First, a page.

The matching tuners are used in several places along the transmission path to reduce or eliminate impedance mismatches. These mismatches occur mostly at transitions such as elbows, and especially at double elbows. New coax elbows can be ordered with matching tuners built into them.

Again in an effort to save on construction materials, the station will reuse the original NTSC ridge coax and then connect to the existing DTV transmission line that goes up to the roof. This presents a problem because the NTSC line is 6-1/8in and 75Ω, whereas the DTV line is 3-1/8in and 50Ω. Also, the 6in line uses Marmon flanges, while everything else uses EIA. To connect these two lines, several adapters will be required, but fortunately there’s a place where the two lines will meet with about 30in separating them — more than enough room to fit the adapters. First, a 6-1/8in section with a Marmon flange will be cut to length, and an EIA flange will be soldered to the other end. Then, the inner adapter from 75Ω to 50Ω will be order to fit. Next will be a gas stop for pressurizing the line and then a reducer from 6-1/8in to 3-1/8in. A set of matching tuners will be added to the 3-1/8in line following these adapters.

The tuners can be as simple as a set of nuts soldered over carefully spaced holes in the ridge coax’s outer conductor. Then bolts are screwed in to affect the fields in the line and match the impedance, and a second nut is added to secure the bolt once it is positioned.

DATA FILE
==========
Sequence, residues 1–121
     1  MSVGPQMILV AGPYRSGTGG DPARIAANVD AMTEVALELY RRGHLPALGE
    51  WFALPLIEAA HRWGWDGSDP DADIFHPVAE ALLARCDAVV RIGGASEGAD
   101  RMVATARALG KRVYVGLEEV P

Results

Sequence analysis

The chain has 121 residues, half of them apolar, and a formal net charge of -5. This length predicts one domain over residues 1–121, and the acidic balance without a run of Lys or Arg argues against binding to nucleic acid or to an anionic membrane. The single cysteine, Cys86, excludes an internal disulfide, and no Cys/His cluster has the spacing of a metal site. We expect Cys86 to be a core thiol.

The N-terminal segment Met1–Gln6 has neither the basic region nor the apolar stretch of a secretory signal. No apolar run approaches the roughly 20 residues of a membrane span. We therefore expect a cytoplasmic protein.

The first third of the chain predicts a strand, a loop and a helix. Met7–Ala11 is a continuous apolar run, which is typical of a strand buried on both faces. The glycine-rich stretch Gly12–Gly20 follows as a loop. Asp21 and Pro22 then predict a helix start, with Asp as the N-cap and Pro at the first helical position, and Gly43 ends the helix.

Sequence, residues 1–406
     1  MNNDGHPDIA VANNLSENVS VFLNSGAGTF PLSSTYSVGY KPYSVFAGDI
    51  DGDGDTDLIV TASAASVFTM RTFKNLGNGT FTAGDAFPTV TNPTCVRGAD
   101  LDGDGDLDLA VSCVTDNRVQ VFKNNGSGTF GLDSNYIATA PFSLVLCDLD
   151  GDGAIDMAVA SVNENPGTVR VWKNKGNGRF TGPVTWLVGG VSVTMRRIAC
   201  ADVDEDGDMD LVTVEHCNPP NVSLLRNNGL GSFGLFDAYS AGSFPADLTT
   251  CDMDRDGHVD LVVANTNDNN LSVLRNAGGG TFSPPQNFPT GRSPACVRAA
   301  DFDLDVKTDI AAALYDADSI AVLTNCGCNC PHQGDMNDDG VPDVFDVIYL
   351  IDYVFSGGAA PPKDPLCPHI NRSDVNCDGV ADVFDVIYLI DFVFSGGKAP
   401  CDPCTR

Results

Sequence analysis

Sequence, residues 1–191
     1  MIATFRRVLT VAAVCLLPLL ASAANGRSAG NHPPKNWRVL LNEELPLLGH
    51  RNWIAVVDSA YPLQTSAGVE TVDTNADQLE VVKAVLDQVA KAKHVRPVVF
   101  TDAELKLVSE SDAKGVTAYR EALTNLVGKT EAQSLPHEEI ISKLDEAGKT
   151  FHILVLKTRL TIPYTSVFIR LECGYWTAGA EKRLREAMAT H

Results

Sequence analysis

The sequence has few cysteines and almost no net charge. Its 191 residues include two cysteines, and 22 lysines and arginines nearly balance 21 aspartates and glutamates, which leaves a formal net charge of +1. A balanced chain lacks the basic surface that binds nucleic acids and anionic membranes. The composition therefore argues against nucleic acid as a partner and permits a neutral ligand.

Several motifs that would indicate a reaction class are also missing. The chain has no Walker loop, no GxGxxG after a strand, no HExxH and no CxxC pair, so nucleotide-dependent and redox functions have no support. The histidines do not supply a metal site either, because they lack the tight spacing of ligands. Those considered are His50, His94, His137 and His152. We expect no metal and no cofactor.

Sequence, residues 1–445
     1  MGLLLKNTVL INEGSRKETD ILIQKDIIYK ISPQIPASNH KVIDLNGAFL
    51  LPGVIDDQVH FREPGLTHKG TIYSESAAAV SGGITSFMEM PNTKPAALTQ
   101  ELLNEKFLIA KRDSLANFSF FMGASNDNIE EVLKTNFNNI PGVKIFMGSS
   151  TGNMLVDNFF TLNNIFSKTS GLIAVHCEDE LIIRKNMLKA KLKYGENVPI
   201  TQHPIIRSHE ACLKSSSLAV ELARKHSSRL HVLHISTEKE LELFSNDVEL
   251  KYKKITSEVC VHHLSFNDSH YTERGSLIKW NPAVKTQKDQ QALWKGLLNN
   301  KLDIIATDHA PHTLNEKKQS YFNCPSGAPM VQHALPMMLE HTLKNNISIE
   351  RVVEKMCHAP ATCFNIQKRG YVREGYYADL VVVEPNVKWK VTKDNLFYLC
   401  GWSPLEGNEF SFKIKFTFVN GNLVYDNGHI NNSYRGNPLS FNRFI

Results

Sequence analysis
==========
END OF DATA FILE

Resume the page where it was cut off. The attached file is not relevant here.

Power and frequency are the factors when selecting transmission line. The 6-1/8in ridge coax will handle up to 73kW average power (at Channel 33), but the 3-1/8in is rated for only 22kW average, which is a problem because the DTV power required by KMTP is 21.73kW (almost 4kW above what the transmitter is producing now). The 3-1/8in coax was fine when the DTV transmitter was first put in because the mask filter would only handle 18kW of input power. But now the power requirement was increased when it was decided that the new community DTV antenna would provide vertical as well as horizontal polarization, which will assist in reception on mobile devices. The mix will be 500kW ERP on horizontal polarization and 100kW ERP vertical polarization creating an elliptical polarization. (See Figure 3.)